This Saint Patrick’s Day, Alex Chilton died. I sit here right now as I watch American Idol feeling a little pissed off that no one knows who he is, so I’ll do my best to correct that by writing an article. The first contestant tonight, Lee DeWyze, sang a song made famous by The Box Tops, who Alex Chilton sang for at age sixteen, entitled “The Letter”, but while I thought this would make a fitting tribute to the recently deceased, the show was somehow ignorant of Chilton’s death. I guess that I’d expect about as much from a show that blessed its contestants with what Seacrest described as “the tutelage of Miley Cyrus”.
Along with his less spoken-of career with The Box Tops, Alex Chilton was the backbone of cult favorites Big Star. Despite never finding commercial success like The Box Tops did with their aforementioned number one jam, Big Star quickly became critical darlings. However, after their first masterpiece in their set of three, 1972’s #1 Record, Chilton’s songwriting colleague Chris Bell left the band, frustrated with their lack of commercial success. However, listening to #1 Record, you might find it hard to believe that it wasn’t a huge hit. Along with power pop progenitors like the Paul Simonesque“Thirteen” and the uplifting “The Ballad Of El Goodo”, “In The Streets” shows up in the third slot, and it might be the most famous song that Alex Chilton has ever written thanks to Cheap Trick’s cover of the track in the intro of That ‘70s Show. The show, which launched the careers of now-stars Topher Grace, Ashton Kutcher, and Mila Kunis, was jokingly referred to as “That $70 Show” by Chilton, thanks to the seventy dollars in royalties that he receives each time the show airs, which, thanks to its cable syndication, would amount to a lot of money.
Two years later, Chilton returned with an album that’s as twisted as it is catchy, ‘74’s Radio City. With Bell gone, Chilton’s gift for melody was allowed to blossom even further, but for some reason this collection that spans less than forty minutes feels like it’s going to collapse. On the legendary song “September Gurls”, the chorus goes “December boys got it bad”, and on the frankest song of all time, one that you might remember Kristen Stewart’s character spinning on her vinyl player in the teenage romance Adventureland, Chilton declares “I’m in love with a girl/Finest girl in the world/I didn’t know/This could happen to me”. Songs as boldly honest as “I’m In Love With A Girl” are few and far between, and the track captures the essence of why Alex Chilton was so remarkable.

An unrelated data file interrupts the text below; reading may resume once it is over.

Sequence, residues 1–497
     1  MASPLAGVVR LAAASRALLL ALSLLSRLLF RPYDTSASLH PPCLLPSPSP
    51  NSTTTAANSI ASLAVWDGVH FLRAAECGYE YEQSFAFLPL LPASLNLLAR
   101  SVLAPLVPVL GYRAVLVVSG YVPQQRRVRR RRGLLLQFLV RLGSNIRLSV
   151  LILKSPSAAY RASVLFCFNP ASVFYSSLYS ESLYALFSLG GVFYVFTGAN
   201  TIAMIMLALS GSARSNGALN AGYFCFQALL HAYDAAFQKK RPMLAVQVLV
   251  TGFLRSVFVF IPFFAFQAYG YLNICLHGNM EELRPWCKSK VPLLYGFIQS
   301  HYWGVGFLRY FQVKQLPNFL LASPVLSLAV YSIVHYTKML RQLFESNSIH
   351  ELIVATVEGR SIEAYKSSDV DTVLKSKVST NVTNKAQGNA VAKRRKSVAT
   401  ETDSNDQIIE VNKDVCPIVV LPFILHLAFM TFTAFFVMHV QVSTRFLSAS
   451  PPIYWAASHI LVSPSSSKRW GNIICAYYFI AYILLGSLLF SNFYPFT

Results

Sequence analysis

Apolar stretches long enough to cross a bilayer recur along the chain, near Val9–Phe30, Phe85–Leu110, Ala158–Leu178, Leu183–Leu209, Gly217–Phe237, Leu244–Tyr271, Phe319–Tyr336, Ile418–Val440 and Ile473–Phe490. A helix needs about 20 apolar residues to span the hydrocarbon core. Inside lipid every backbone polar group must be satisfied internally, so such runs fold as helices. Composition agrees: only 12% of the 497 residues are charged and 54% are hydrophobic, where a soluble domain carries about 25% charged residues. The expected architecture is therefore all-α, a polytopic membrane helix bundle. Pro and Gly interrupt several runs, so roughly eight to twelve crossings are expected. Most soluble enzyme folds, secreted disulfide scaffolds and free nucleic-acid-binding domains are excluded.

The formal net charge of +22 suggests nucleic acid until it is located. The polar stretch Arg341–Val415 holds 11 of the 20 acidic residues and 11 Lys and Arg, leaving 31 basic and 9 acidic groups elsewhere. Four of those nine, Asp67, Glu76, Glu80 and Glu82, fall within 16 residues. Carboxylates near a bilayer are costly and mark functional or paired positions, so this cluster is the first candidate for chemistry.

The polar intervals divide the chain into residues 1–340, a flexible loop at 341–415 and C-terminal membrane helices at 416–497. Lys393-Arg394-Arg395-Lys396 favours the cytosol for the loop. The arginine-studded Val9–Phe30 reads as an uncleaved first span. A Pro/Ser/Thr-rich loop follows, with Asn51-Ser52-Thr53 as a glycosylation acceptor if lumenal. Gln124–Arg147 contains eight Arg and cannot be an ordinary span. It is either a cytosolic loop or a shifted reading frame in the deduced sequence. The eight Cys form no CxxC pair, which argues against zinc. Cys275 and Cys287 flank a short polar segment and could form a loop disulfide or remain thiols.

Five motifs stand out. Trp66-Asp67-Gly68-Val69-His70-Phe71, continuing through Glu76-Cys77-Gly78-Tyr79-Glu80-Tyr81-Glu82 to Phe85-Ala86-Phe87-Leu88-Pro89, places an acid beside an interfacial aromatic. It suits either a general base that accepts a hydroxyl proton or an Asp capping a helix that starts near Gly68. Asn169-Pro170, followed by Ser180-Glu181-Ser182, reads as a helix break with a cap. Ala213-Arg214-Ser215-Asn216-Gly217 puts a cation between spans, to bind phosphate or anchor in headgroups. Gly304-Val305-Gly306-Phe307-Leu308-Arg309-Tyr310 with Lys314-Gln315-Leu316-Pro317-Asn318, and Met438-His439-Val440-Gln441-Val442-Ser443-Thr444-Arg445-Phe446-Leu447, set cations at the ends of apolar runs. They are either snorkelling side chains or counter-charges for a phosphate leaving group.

Big Star’s third and final album, alternately titled Third or Sister Lovers, was released after a few years of the record company stalling release in correct anticipating of its commercial failure. To make matters more difficult, Chilton wanted it to be a nineteen song double album. Only in 1992, with its Rykodisc re-release would Third/Sister Lovers see eye to eye with Chilton’s vision, but its first release in 1978 cut off the final five songs to fit it on one slab of vinyl. If Radio City sounded like everything in the studio was slowly collapsing, Third/Sister Lovers sounded like everything was broken, including Chilton. Among other covers, Chilton covers The Velvet Underground’s Nico-sung, 1967 song “Femme Fatale” like a more sorrowed and beaten Lou Reed may have sung it if it were 1969, and tracks like “Kangaroo” and “Holocaust” find him completely destroyed. If you want to wallow in your own desperation, turn on Third/Sister Lovers.
After Big Star was finished, Chilton took unremarkable cracks at forming a solo career, but even a few critically well-regarded EPs couldn’t save that route from implosion. Despite Chilton being sometimes regarded as the master of the EP, his career, for most purposes, ends with Third/Sister Lovers, even with a 2005 attempt to resurrect Big Star with the album In Space.
Another appearance of Chilton in popular culture is in The Replacements’ 1987 power pop song bearing his name. “Alex Chilton” can be found as an in-game song on Rock Band 2. So next time you’re playing the world’s best party game, find this one and play it. It’s a blast, I promise. Paul Westerberg, to whom Alex Chilton was something of a mentor, perfectly expressed that feeling you get when listening to any Big Star song with “I’m in love/But what’s that song?/I’m in love with that song”. Then Westerberg, the smug little bastard that he is, drops “I never travel far without a little Big Star” on the bridge. Thanks to Rock Band 2, children by the millions actually are singing for Alex Chilton.
As the guitarist of the now-defunct chick punk band Sleater-Kinney, Carrie Brownstein, put it, Big Star is like a secret handshake among musicians and fans. If you find out that someone hasn’t heard of them (and who really has?) you become excited to show them the band that everyone has to love. If “I’m In Love With A Girl” was for anyone in particular, I’m sure she reciprocated the feelings that were so simply expressed in song. Rest in peace, Al. You deserve a better tribute than American Idol providing you an unmarked tomb.